What is the Luteal phase and when does it start?
The luteal phase is the last part of a woman's menstrual cycle. It is the period that occurs shortly after ovulation and lasts until the start of the next menstrual period. For most women, the luteal phase lasts about 12 to 14 days but the length can vary individually.
During the luteal phase, the female body prepares for a possible pregnancy. If the egg cell released during ovulation is fertilized by sperm, it usually attaches itself to the uterus during the luteal phase and the process of developing an embryo begins. If fertilization does not occur, the body will prepare for a new menstrual cycle.
What happens in the body during the Luteal phase
The luteal phase begins with ovulation when an egg cell is released from the ovary and then moves to the fallopian tube. If the egg is fertilized, it attaches itself to the uterus and develops into an embryo. At the same time, a temporary gland (corpus luteum) that has formed from the egg follicle from which the egg came begins to produce hormones such as progesterone.
Progesterone is the central hormone during the luteal phase when it affects the endometrium to receive a fertilized egg. The process results in the mucous membrane becoming thicker and more nourishing. Progesterone also helps prevent new ovulations from occurring during the luteal phase, which could lead to parallel pregnancies.
If the egg is not fertilized, the production of progesterone decreases, which leads to the endometrium gradually withering and finally being secreted. This is what results in menstruation and the start of a new menstrual cycle.
Hormonal process and influence during luteal phase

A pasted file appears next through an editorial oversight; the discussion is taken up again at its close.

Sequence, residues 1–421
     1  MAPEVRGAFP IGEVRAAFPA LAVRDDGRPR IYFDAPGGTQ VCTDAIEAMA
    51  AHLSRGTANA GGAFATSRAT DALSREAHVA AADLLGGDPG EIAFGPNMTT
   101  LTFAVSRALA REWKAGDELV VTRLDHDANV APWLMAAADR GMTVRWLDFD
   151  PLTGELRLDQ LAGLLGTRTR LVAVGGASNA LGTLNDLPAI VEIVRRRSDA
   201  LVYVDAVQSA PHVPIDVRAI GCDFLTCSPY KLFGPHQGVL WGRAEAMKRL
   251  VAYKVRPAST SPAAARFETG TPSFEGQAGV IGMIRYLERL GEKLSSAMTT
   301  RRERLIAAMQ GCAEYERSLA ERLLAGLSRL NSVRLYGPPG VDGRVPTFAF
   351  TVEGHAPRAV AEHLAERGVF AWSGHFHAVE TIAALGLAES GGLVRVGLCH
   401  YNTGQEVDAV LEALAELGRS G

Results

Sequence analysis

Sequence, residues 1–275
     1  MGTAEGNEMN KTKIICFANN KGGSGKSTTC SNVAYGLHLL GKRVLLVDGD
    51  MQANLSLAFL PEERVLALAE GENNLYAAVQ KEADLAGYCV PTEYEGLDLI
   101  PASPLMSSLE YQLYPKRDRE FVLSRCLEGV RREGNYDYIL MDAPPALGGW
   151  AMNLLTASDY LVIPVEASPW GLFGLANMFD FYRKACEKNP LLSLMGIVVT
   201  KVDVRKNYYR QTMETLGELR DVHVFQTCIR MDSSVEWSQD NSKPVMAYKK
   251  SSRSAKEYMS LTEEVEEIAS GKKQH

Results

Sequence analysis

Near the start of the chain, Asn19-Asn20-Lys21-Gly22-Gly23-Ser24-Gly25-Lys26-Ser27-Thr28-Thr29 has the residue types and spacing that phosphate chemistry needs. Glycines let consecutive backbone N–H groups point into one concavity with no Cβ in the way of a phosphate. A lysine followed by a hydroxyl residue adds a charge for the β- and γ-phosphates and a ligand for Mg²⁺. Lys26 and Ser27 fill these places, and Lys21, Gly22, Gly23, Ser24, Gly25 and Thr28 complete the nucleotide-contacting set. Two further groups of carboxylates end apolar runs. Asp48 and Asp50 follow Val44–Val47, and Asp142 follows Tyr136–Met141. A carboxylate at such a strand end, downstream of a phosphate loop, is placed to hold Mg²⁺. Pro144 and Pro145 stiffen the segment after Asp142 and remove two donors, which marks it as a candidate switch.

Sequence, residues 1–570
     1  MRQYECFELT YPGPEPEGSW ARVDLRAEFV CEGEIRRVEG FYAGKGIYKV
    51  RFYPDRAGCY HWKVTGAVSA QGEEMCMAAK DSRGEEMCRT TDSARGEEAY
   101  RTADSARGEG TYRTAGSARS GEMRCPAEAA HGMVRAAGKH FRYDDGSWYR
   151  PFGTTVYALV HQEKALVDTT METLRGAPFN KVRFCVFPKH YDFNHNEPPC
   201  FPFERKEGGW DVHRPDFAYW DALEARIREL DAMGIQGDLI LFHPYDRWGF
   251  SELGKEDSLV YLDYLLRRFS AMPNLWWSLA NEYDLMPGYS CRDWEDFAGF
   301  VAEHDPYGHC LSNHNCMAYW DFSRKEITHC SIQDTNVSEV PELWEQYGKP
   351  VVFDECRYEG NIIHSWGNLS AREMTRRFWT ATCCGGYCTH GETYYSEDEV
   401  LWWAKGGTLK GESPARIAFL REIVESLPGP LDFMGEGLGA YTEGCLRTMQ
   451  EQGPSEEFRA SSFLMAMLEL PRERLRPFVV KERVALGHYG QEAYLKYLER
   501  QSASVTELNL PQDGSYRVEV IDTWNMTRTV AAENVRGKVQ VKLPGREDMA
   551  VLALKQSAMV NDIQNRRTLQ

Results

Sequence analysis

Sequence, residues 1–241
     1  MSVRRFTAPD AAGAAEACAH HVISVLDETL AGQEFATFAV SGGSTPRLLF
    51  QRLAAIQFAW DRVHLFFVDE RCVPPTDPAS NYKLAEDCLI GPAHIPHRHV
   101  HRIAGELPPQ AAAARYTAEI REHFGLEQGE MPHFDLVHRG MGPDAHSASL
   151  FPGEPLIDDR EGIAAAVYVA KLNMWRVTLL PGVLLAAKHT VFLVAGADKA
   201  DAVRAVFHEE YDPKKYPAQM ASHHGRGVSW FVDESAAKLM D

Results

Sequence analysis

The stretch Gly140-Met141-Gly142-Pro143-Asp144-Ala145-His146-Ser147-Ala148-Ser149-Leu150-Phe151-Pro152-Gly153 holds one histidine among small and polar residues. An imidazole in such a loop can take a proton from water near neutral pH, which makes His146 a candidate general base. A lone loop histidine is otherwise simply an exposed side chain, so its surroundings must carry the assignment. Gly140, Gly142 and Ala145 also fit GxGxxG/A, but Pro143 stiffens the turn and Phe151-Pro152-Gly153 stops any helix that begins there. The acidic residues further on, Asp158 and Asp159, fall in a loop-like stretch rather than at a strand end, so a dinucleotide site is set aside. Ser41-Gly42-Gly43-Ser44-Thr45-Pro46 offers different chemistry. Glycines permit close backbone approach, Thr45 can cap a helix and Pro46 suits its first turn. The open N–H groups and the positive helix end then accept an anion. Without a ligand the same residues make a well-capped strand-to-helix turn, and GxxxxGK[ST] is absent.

During the luteal phase, hormones, especially progesterone and estrogen, affect many of the physiological processes. Progesterone is primarily responsible for maintaining a possible pregnancy and preventing new ovulations. Estrogen helps to prepare the lining of the uterus to be receptive in the event of implantation if conception occurs.
The hormonal balance during the luteal phase is highly sensitive and can be affected by several factors. If a woman experiences or suffers from hormonal imbalances, it can affect the ability to get pregnant and cause symptoms such as premenstrual syndrome (PMS).
Symptoms and complaints during the Luteal phase
For many women, the luteal phase can be associated with specific symptoms and complaints. Common symptoms include breast tension, mood swings, irritability, breast swelling and tenderness, as well as increased PMS symptoms. Some women may also experience symptoms such as headaches, migraines, fatigue, abdominal pain and decreased sexual desire.
It is important to remember that the symptoms can be highly individual and some can be more sensitive to hormonal changes than others. If the symptoms are perceived as troublesome and affect your quality of life, it may be a good idea to test your hormonal balance during the luteal phase in order to gain insight into your hormones and further consult a doctor or gynecologist to discuss possible treatment options.